The National Institute for Health and Clinical Excellence (NICE) has issued full guidance to the NHS in England, Wales, Scotland and Northern Ireland on selective peripheral denervation for cervical dystonia.


Cervical dystonia is a condition in which the muscles of the neck contract painfully and cause twisting of the head. It may be congenital, but may also occur at any age. Cervical dystonia may persist for several years, and sometimes for life. About 20% of people will recover without treatment.

Cervical dystonia varies according to which muscle groups are affected. The head may be pulled backwards (retrocollis), forwards (anterocollis) or to the side (torticollis).

The cause of cervical dystonia is not known. In children, it is sometimes associated with congenital abnormalities of head shape or spine.

Standard treatment for cervical dystonia includes physiotherapy, drugs to reduce spasm, injections of botulinum toxin and brain surgery. Peripheral denervation has been advocated as an alternative, especially in people who have not responded to other treatments.

Selective peripheral denervation is a surgical approach which involves cutting the nerves to the muscles of the neck through a large skin incision. The surgery is carried out under general anaesthetic. The procedure varies according to the muscle groups affected, and whether it involves cutting of the muscles.

Coding and clinical classification codes for this guidance.

Your responsibility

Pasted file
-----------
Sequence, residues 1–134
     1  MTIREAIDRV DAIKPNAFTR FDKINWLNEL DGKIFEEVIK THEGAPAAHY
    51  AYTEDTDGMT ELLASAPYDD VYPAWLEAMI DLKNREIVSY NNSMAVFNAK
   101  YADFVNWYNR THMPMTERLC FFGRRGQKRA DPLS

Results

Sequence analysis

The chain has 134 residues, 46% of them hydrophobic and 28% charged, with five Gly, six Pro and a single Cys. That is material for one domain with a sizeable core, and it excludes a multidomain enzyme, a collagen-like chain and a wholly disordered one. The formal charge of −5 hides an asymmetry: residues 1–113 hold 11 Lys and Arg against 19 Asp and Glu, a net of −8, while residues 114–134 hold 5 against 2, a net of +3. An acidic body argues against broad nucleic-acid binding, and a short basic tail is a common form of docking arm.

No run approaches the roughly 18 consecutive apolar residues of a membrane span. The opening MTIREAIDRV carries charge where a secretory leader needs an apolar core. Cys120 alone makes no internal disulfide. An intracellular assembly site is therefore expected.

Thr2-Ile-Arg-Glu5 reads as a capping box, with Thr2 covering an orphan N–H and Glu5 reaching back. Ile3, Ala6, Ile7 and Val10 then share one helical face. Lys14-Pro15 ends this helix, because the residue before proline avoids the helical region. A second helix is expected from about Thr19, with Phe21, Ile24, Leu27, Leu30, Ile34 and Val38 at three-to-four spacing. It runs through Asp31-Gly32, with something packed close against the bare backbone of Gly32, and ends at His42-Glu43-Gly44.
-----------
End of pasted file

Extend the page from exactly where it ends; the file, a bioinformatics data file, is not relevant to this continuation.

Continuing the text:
This guidance represents the view of NICE, arrived at after careful consideration of the evidence available. When exercising their judgement, healthcare professionals are expected to take this guidance fully into account, and specifically any special arrangements relating to the introduction of new interventional procedures. The guidance does not override the individual responsibility of healthcare professionals to make decisions appropriate to the circumstances of the individual patient, in consultation with the patient and/or guardian or carer. 

All problems (adverse events) related to a medicine or medical device used for treatment or in a procedure should be reported to the Medicines and Healthcare products Regulatory Agency using the Yellow Card Scheme.

Commissioners and/or providers have a responsibility to implement the guidance, in their local context, in light of their duties to have due regard to the need to eliminate unlawful discrimination, advance equality of opportunity, and foster good relations. Nothing in this guidance should be interpreted in a way that would be inconsistent with compliance with those duties. Providers should ensure that governance structures are in place to review, authorise and monitor the introduction of new devices and procedures.

Commissioners and providers have a responsibility to promote an environmentally sustainable health and care system and should assess and reduce the environmental impact of implementing NICE recommendations wherever possible.